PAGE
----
He signed as a solo artist with Columbia Records on June 1, 1943. His popularity continued to grow throughout the first half of the 1940s with hits like “You’ll Never Know”, “I Couldn’t Sleep a Wink Last Night”, and “Saturday Night (Is the Loneliest Night of the Week)”. He also began an acclaimed career in movies like Step Lively (1944) and Anchors Aweigh (1945), but his popularity began to flounder once he appeared in The Kissing Bandit (1947), possibly considered the worst of his pictures, and Miracle of the Bells (1948), which was shunned by the public due to his mafia affiliations. To make matters worse, his first marriage to Nancy Barbato collpased just as he met iconic actress Ava Gardner, who he fell in love with despite the world accusing him of having an affair. These stressors, on top of the passing of Sinatra’s beloved publicist and confidant George Evans, impaired his singing voice and threatened to end his promising career once and for all. All appeared lost, but a glimmer of light appeared at the end of the tunnel in 1953 when Sinatra discovered James Jones’ bestselling novel From Here to Eternity. He swore that Angelo Maggio was the role that he was born to play, and he agreed to act in the film for a degrading $8,000. His performance won him the Academy Award for Best Supporting Actor and catapulted him back to stardom.

Rat Pack at Carnegie Hall
Frank Sinatra (right), along with two members of the Rat Pack, Dean Martin (left), and Sammy Davis, Jr. (center).

Sinatra continued to enjoy success in music with hit after hit like “Young At Heart”, “Three Coins In The Fountain”, and “Learnin’ the Blues”, but to me the latter part of his life is where his acting prowess shined the most. He continued to turn in magnificent performances in both comedic and dramatic roles in films such as Suddenly (1954)Guys and Dolls (1955), and The Man With The Golden Arm (1955), another one of the finest and most challenging parts of his career. His status as a formidable and lasting entertainer continued to grow as he formed the Rat Pack, a talented group of his closest friends including Dean Martin, Sammy Davis Jr., Peter Lawford, and Joey Bishop, who not only performed with Frank at The Sands casino throughout the 1960s, but also starred with him in some of his most successful pictures like Ocean’s 11 (1960) and Robin and the 7 Hoods (1963). By 1962 he netted a $1,000,000 salary for his performance in The Manchurian Candidate (1962), less than a decade after his paltry $8,000 fee for the performance that won him an Oscar. He remained both a magnificent actor and singer for decades afterward until his passing on May 14, 1998 at age 82.

This recipe for Frank’s fettucine alfredo came from The Sinatra Celebrity Cookbook: Barbara, Frank & Friends, released in 1996 with his fourth wife. The book is available for purchase here if you’re interested! Town & Country also released the recipe in 2016, and I wholeheartedly recommend watching their supplementary tutorial on how to recreate this dish. I’ll also post the recipe below in full:

Frank Sinatra’s Fettucine à la Sinatra

  • 1 8-ounce package fettuccine
  • ¼ cup butter
  • ½ cup whipping cream
  • ¼ cup grated Parmesan cheese, plus 2 tablespoons for topping
  • Salt and black pepper

Directions:

  1. Cook fettuccine until al dente. Drain pasta.
  2. While pasta is cooking, make sauce by melting butter in a saucepan on low heat.
  3. Remove butter from heatand blend in cream and cheese.
  4. Return to heat and simmer thoroughly, season with salt and pepper as desired, being careful not to let the sauce come to a boil.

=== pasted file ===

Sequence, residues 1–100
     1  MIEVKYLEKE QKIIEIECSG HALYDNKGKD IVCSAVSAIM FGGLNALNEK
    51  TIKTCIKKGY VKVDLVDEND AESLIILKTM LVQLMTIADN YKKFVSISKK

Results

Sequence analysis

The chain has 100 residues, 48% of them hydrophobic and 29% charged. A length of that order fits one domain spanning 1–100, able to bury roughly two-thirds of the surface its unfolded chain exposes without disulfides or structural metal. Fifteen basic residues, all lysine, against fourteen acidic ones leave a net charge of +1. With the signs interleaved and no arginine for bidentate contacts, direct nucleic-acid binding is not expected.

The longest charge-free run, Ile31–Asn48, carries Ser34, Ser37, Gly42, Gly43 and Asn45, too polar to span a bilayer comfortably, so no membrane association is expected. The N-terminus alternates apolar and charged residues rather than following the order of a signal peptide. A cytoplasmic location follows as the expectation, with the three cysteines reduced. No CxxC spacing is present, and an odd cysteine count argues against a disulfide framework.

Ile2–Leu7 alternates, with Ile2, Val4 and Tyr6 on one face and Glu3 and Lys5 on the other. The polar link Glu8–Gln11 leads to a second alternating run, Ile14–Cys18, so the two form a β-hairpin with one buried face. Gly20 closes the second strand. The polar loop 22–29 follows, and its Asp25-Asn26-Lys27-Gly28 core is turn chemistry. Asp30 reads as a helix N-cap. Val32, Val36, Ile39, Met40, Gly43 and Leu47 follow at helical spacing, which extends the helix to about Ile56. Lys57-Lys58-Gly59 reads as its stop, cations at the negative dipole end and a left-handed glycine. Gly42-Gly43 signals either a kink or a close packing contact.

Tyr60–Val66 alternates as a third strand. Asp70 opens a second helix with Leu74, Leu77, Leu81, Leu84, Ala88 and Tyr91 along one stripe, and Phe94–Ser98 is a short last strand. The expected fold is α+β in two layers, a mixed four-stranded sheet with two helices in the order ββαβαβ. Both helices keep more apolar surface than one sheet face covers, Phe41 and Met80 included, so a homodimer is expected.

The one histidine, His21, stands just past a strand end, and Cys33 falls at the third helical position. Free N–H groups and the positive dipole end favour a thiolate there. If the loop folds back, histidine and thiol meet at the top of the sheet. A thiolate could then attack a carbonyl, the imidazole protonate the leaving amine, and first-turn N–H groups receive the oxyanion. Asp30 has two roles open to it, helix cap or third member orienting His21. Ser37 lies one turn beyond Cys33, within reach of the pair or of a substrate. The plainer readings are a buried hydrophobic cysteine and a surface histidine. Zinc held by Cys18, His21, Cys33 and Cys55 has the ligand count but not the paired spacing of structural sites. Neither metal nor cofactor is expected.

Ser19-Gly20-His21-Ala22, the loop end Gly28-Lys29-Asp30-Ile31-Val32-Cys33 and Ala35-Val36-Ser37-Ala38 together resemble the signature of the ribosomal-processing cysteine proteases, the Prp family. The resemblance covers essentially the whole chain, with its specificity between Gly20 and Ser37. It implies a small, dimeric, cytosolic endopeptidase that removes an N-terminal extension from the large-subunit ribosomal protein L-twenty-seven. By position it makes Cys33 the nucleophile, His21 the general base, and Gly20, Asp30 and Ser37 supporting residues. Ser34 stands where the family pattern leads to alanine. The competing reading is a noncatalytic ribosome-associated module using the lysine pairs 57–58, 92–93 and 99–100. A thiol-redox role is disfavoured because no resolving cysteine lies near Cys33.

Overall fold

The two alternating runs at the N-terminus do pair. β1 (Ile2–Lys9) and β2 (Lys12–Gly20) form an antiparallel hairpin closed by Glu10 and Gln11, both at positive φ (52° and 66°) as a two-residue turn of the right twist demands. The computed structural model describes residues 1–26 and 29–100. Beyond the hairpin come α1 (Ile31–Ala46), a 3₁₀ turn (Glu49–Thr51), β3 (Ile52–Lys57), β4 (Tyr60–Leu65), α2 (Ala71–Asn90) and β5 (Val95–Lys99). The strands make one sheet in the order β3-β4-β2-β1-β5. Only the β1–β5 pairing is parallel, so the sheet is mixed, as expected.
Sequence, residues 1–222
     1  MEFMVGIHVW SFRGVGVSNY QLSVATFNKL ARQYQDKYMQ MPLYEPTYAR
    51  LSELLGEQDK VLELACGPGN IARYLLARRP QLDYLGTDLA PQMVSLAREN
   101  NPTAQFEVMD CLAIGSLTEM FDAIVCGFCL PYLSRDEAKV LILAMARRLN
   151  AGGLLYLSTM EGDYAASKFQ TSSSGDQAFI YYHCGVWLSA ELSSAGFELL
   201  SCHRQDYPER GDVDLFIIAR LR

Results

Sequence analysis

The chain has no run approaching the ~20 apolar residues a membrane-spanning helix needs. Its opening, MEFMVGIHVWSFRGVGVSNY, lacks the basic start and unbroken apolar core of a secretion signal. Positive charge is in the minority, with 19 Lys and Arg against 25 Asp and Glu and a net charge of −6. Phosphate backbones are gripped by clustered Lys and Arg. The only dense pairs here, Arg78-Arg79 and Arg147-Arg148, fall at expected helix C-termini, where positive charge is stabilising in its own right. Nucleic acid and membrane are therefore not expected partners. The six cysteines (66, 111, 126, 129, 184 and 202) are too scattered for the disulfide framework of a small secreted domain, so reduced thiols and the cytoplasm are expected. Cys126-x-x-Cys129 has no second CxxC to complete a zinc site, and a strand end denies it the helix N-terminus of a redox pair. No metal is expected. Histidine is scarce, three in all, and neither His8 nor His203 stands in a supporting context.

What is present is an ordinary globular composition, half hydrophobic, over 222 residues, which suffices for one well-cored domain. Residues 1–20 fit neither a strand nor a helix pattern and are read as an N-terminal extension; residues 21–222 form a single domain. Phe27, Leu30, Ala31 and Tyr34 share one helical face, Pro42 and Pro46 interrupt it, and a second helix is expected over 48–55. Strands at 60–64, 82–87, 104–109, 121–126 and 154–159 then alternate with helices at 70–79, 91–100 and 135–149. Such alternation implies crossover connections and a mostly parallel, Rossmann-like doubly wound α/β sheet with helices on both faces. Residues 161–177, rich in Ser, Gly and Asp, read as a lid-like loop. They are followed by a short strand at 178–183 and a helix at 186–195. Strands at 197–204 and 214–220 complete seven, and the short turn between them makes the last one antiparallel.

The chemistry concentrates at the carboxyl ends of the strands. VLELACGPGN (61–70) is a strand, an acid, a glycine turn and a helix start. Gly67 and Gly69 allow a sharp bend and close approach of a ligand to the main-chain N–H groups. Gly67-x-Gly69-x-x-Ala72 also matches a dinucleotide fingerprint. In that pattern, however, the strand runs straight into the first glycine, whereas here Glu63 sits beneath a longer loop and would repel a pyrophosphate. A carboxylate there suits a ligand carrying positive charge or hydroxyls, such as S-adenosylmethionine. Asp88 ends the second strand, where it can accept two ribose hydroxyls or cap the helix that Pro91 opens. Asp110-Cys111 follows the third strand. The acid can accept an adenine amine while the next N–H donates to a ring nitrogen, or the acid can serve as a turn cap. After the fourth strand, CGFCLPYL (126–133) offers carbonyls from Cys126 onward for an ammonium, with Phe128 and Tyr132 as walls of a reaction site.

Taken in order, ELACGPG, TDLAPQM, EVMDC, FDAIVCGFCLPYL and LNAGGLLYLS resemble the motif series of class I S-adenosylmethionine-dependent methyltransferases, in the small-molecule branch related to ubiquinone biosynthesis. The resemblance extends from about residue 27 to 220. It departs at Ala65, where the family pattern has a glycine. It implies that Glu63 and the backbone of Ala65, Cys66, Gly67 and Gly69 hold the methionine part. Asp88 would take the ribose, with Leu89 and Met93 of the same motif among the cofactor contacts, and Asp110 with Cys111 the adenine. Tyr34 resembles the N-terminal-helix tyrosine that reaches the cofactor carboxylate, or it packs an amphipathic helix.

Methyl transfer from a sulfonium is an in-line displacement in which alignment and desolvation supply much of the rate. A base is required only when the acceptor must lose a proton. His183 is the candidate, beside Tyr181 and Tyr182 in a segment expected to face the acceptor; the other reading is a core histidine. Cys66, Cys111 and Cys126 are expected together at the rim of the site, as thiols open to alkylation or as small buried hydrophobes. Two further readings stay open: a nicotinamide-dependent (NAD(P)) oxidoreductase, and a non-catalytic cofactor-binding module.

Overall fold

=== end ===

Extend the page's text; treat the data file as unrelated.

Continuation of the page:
5. Add the sauce to the drained pasta and let stand, covered, for a couple of minutes.
  6. Garnish with parsley if desired. Serves three or four.
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“Three to four servings” of Frank Sinatra’s delicious fettucine alfredo.

I don’t exaggerate when I say that this is the easiest Old Hollywood recipe that I’ve ever made. The only difficulty lies in the technique of creating the sauce, but I really commend the recipe for explaining exactly how to add the ingredients to prevent any sticking or lumpiness. I’m used to making alfredo from scratch as I find that it tastes worlds better than alfredo in a jar, and Frank’s method is essentially the perfect way of doing so. My only issue with the recipe itself is the wildly inaccurate serving estimation. I made Frank’s fettucine exactly as stated, and it only filled one normal sized cereal bowl when it claims to be able to feed three to four people. I ended up making another batch of the same size to feed my boyfriend, adding grilled chicken and my own secret ingredient for the perfect alfredo sauce, a touch of garlic powder. My boyfriend in particular adored this dish without my extra components, complimenting the simple steps and how accessible a dinner such as this would be during the week as every ingredient can stay fresh for a substantial period of time. He even requested that I make it a weekday dinner staple, which is a huge compliment for any recipe coming from such a picky eater. I found it delicious too, and I really think that the simplicity of it allowed each ingredient to shine. Ol’ Blue Eyes sure knew what he was talking about when it came to cooking a mean pasta! All in all, this fettucine easily gets a perfect five out of five Vincents, though I do urge you to try adding garlic powder and chicken if you feel like mixing things up!

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I absolutely recommend celebrating Frank’s birthday today by trying this recipe at home for yourself. You’ll likely find most of the necessary ingredients already in your fridge, and you certainly won’t find an easier classic film star recipe anywhere else. Let me know what you think of this dish in the comments, and be sure to tell me your favorite movie or song of Sinatra’s too if you read this far! Stay tuned here throughout the month, as I have an incredibly exciting holiday surprise for you all coming very soon!

5 thoughts on “Cooking with the Stars — Frank Sinatra’s Fettucine à la Sinatra

  1. Another lovely recipe, Samantha. I’ll definitely give it a try! I love fettuccine. My fave Frank Sinatra film is Guys and Dolls, he’s brilliant in that. And my fave song of his is Luck Be a Lady, he just brings that song to life.

    Liked by 1 person

  2. This is a pretty straighforward Fettucine Alfredo recipe – which means it’s delicious. Haven’t made it for quite a while – it’s sooooo rich! – but just reading the ingredients inspires me to want to make it again. I usually sprinkle with nutmeg as well as parsley, And now I’m thinking it might be interesting to use mascarpone instead of whipping cream. In any case, thanks!

    Liked by 2 people